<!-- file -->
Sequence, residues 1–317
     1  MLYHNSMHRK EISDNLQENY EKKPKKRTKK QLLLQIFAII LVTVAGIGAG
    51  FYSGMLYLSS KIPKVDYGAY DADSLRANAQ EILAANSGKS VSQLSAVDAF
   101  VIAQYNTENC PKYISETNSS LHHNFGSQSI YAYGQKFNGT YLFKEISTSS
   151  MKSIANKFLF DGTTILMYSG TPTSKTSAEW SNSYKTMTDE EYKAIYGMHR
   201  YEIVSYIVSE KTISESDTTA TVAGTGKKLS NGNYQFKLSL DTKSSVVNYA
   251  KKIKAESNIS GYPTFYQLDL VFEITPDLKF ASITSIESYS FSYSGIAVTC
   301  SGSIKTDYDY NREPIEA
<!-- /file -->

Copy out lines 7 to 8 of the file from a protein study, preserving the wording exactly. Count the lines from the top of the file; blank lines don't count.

   251  KKIKAESNIS GYPTFYQLDL VFEITPDLKF ASITSIESYS FSYSGIAVTC
   301  SGSIKTDYDY NREPIEA